What is Absinthe?
Absinthe is an anise-flavored spirit that was originally 136 proof and made with grande wormwood. It is typically made by distilling neutral grain spirits with herbs, predominately anise, florence fennel and grande wormwood. Other herbs such as angelica root, coriander, dittany leaves, hyssop, juniper, nutmeg, melissa, star anise, sweet flag, and veronica are also used.
The color of the distillate is clear and is often bottled this way in a style known as Blanche or la Bleue or as a bright green.
The coloring is added, either through the chlorophyll from steeping herbs like hyssop, melissa and petite wormwood in the liquor or adding artificial coloring. Other absinthes are available in red or blue hues.
Absinthe in History
This potent liqueur was outlawed in many countries for years following multiple instances of harmful effects and even deaths of its drinkers, most of which were due to over indulgence of the green spirit. Since the 95 year absinthe ban was lifted in the United States in 2007, many brands have been released with lower thujone levels. During the bans homemade absinthe kits became popular, however this can be dangerous. For instance too much wormwood or the use of wormwood extract can be poisonous.
There have been a number of famous absinthe drinkers throughout time, most notably among artists and other creatives in the 19th century. Pablo Picasso, Edgar Allen Poe, Arthur Rimbaud, Ernest Hemingway, and Oscar Wilde made this list and absinthe is often found or has influenced their work.
Possibly the best known absinthe imbiber was Vincent Van Gogh, who drank it for years (presumably addicted to it), painted still lifes of absinthe, and some believe he was under its influence when he cut off his ear.
- Absinthe brands range in alcohol content, though you will rarely find one below 90 proof. Most absinthe falls in the 90-148 proof (45-74% ABV) range.
- Abisante, Anisette, Pernod and Herbsaint are often used to replace absinthe in cocktail recipes.
- Absinthe is commonly classified as a liqueur, however it does not contain any sugar and is actually a liquor.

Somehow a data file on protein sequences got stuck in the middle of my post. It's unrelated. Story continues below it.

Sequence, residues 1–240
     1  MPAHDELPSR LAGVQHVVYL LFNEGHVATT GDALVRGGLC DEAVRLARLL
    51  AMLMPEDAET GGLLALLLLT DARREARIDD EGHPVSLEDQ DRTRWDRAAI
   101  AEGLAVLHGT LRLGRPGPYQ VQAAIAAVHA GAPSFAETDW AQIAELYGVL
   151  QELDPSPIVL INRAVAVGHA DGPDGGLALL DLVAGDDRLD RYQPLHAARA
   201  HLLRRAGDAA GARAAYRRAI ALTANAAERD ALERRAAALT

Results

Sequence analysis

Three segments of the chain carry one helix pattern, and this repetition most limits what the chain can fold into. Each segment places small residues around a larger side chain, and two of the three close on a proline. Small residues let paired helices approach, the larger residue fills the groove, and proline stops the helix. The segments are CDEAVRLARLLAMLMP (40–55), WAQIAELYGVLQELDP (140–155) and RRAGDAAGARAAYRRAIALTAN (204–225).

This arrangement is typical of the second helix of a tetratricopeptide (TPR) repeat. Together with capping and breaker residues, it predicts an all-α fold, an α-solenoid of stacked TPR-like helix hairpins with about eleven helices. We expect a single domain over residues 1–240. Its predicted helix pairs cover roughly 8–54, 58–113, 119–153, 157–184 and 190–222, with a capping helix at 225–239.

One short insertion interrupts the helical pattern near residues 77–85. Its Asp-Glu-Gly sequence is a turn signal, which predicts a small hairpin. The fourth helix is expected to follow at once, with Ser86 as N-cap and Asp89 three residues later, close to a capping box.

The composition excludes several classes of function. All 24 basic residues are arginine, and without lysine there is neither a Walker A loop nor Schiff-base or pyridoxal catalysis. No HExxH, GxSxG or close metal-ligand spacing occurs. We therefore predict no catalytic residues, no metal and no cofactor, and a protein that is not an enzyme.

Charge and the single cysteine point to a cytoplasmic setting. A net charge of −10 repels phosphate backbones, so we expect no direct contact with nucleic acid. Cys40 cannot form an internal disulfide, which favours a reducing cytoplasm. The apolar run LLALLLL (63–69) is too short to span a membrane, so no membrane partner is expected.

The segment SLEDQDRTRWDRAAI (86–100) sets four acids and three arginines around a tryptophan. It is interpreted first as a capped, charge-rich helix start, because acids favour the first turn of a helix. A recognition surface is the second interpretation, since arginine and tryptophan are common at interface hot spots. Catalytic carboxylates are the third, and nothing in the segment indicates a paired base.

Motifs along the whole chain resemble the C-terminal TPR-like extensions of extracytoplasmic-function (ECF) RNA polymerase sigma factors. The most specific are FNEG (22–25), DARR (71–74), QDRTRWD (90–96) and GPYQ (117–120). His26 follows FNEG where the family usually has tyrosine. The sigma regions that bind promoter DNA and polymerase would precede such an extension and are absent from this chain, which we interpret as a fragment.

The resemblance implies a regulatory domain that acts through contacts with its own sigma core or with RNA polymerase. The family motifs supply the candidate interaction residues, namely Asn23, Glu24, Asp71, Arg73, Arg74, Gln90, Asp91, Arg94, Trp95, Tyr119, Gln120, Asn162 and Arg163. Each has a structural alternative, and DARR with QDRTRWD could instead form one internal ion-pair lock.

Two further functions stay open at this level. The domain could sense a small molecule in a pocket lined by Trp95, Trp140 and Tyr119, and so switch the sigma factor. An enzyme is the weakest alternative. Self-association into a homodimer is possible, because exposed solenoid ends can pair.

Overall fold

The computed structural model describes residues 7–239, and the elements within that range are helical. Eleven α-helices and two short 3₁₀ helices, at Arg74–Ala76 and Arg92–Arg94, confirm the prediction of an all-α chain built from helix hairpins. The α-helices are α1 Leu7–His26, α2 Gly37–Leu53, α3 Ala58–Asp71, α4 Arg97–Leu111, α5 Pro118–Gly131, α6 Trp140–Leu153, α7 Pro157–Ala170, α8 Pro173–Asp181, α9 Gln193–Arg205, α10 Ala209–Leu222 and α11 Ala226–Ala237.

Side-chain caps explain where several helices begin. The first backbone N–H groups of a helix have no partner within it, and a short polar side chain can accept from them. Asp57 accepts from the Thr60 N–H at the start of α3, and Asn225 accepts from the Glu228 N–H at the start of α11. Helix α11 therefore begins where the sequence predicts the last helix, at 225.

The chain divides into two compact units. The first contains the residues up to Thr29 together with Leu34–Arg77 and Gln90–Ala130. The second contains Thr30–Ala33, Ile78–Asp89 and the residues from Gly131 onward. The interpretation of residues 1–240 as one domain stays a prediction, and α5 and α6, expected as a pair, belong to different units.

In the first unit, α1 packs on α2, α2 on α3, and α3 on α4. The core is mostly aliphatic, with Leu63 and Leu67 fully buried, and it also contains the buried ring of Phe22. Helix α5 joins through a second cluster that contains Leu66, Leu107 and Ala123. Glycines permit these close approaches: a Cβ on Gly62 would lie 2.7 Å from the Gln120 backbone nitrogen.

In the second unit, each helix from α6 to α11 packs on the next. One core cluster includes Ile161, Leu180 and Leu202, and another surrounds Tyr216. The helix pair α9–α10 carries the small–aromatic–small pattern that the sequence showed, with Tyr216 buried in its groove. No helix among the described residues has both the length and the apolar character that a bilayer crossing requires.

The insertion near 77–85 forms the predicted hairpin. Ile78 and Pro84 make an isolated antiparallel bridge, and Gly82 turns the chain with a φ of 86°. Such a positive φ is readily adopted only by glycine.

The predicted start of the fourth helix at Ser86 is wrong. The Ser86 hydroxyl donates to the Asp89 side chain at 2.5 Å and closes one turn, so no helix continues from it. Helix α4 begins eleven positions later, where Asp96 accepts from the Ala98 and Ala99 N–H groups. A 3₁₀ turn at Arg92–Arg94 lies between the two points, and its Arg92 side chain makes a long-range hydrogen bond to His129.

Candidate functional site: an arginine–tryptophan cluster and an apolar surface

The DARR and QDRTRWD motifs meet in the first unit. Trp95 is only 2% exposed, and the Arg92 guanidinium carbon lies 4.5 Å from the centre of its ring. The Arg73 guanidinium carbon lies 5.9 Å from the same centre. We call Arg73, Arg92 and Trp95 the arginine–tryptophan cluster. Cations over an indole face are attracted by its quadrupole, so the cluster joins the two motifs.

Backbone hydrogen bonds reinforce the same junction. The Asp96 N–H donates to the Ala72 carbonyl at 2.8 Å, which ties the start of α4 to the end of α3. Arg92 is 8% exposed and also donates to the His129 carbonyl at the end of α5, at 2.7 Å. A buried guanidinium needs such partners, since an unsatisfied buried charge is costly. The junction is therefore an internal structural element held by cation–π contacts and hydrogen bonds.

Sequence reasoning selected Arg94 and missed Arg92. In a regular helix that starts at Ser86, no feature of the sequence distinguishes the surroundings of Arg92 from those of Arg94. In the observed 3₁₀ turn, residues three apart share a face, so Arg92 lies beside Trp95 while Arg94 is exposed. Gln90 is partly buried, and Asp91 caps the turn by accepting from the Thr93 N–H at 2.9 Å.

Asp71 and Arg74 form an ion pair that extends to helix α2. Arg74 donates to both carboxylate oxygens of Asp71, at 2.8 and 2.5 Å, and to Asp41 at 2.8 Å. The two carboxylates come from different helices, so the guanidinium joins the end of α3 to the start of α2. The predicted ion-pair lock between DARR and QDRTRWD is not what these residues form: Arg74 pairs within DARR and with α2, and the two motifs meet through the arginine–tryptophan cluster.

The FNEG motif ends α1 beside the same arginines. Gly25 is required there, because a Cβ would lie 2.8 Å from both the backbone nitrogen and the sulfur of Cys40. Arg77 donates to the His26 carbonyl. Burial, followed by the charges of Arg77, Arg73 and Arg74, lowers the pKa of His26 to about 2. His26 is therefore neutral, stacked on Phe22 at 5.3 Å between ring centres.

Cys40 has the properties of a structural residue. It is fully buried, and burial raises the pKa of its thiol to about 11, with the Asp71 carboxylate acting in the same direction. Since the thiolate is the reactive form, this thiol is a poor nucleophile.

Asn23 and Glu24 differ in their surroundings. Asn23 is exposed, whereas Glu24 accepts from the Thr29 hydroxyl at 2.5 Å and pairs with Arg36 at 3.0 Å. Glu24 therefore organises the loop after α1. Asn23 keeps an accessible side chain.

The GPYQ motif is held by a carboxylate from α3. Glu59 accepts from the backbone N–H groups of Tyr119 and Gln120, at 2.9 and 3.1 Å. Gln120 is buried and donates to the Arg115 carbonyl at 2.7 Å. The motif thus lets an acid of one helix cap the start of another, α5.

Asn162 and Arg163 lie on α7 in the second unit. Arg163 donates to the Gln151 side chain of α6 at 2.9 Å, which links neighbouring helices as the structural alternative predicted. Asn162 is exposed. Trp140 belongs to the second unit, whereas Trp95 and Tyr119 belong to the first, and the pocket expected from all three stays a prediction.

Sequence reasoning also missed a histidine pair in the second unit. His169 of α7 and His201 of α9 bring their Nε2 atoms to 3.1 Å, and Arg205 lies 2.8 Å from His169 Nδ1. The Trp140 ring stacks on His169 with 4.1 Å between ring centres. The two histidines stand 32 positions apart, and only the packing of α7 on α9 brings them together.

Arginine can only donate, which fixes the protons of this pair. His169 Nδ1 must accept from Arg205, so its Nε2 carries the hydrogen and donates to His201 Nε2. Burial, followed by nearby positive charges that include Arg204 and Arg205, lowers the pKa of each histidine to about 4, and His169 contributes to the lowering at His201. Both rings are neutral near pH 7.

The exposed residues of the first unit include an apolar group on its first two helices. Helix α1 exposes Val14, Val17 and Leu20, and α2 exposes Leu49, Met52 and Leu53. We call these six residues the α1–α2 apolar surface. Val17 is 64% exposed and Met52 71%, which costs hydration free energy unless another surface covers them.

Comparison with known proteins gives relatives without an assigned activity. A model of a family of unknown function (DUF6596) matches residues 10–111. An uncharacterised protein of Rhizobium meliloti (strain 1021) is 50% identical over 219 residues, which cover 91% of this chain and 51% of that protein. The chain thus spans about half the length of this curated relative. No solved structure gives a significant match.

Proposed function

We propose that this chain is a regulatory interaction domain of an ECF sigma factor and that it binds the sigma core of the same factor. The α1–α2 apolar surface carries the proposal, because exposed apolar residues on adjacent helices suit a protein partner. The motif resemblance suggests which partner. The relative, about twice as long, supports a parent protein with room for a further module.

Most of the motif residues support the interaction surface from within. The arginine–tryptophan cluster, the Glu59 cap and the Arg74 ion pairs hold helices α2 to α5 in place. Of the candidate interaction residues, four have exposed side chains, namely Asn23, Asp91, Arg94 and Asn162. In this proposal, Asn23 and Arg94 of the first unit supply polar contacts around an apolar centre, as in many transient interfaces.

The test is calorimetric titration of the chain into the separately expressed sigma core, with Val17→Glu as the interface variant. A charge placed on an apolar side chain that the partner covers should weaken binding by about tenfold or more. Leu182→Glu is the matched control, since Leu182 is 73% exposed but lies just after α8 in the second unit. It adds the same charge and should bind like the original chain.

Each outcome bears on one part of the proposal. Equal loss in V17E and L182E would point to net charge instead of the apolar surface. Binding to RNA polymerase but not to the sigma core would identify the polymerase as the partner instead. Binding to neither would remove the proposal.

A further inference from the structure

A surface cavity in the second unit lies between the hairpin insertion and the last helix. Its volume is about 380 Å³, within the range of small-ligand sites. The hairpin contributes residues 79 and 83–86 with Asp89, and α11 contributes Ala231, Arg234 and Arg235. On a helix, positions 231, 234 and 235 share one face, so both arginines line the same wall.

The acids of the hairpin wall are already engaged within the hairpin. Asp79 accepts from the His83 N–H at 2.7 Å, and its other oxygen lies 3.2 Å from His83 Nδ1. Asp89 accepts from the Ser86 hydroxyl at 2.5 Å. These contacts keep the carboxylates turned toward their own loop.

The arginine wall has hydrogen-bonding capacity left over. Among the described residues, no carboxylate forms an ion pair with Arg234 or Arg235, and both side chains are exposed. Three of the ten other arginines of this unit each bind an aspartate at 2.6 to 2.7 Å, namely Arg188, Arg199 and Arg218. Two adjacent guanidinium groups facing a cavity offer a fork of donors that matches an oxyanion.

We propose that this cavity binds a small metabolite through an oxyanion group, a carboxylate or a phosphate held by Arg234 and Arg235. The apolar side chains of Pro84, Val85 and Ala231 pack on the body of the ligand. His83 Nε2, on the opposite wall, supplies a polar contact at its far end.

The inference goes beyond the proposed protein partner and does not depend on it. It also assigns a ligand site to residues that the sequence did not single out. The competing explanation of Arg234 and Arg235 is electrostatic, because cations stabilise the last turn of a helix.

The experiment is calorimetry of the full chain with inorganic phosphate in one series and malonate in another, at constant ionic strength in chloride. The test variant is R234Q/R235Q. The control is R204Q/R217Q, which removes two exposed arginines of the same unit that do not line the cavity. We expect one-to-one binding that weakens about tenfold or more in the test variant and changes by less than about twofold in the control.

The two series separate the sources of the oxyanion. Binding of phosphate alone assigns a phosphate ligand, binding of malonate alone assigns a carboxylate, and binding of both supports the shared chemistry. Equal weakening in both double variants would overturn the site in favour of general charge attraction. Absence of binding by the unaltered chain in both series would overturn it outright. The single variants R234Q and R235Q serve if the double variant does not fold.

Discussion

- Absinthe is also known as absinth and the 'green fairy.'
- National Absinthe Day is March 5.
- How to Make Absinthe - from Anne Marie Helmenstine, Ph.D., About.com Guide to Chemistry
Since the shift of legality regarding absinthe we have seen many brands become available throughout the world. These are just a few:
- Absinthe Abtshof
- Kubler Absinthe
- La Fee Absinthe
- La Sorciere
- Lucid Absinthe
- Mansithe Absinthe
- Mata Hari Absinthe
- Obsello Absinthe
- Pernod Absinthe
- St. George Absinthe Verte
It is not recommended to drink absinthe straight because of its potency and pungent taste. Consider it fair warning that if you do take a straight shot of absinthe, you may not taste anything else for a day or two.
A better way to drink absinthe is to use the preparation often called the absinthe ritual. It is a far more gentile option that involves water, a sugar cube and specially designed spoons and glasses.
There are many great absinthe cocktails available.
When mixing with absinthe it is important to remember that the anise is a strong flavor and it is recommended to measure its portion according to the recipe. Also, be sure to properly clean any bar tools that have contained absinthe as the flavor and smell can remain for quite some time and taint other, non-absinthe drinks.
- Absinthe Cocktail
- Brazilian Sangria
- Broad Stripes and Bright Stars
- Corpse Reviver #2
- Early Autumn
- Irish Tea Party
- Lady Liberty
- Mile High Manhattan
- Monkey Gland
- Morning Glory
- Night Cap
- Obituary Cocktail
- Palin's Christmas Punch
- Paranormal Activity
- Prankster Margarita
- Wolf Bite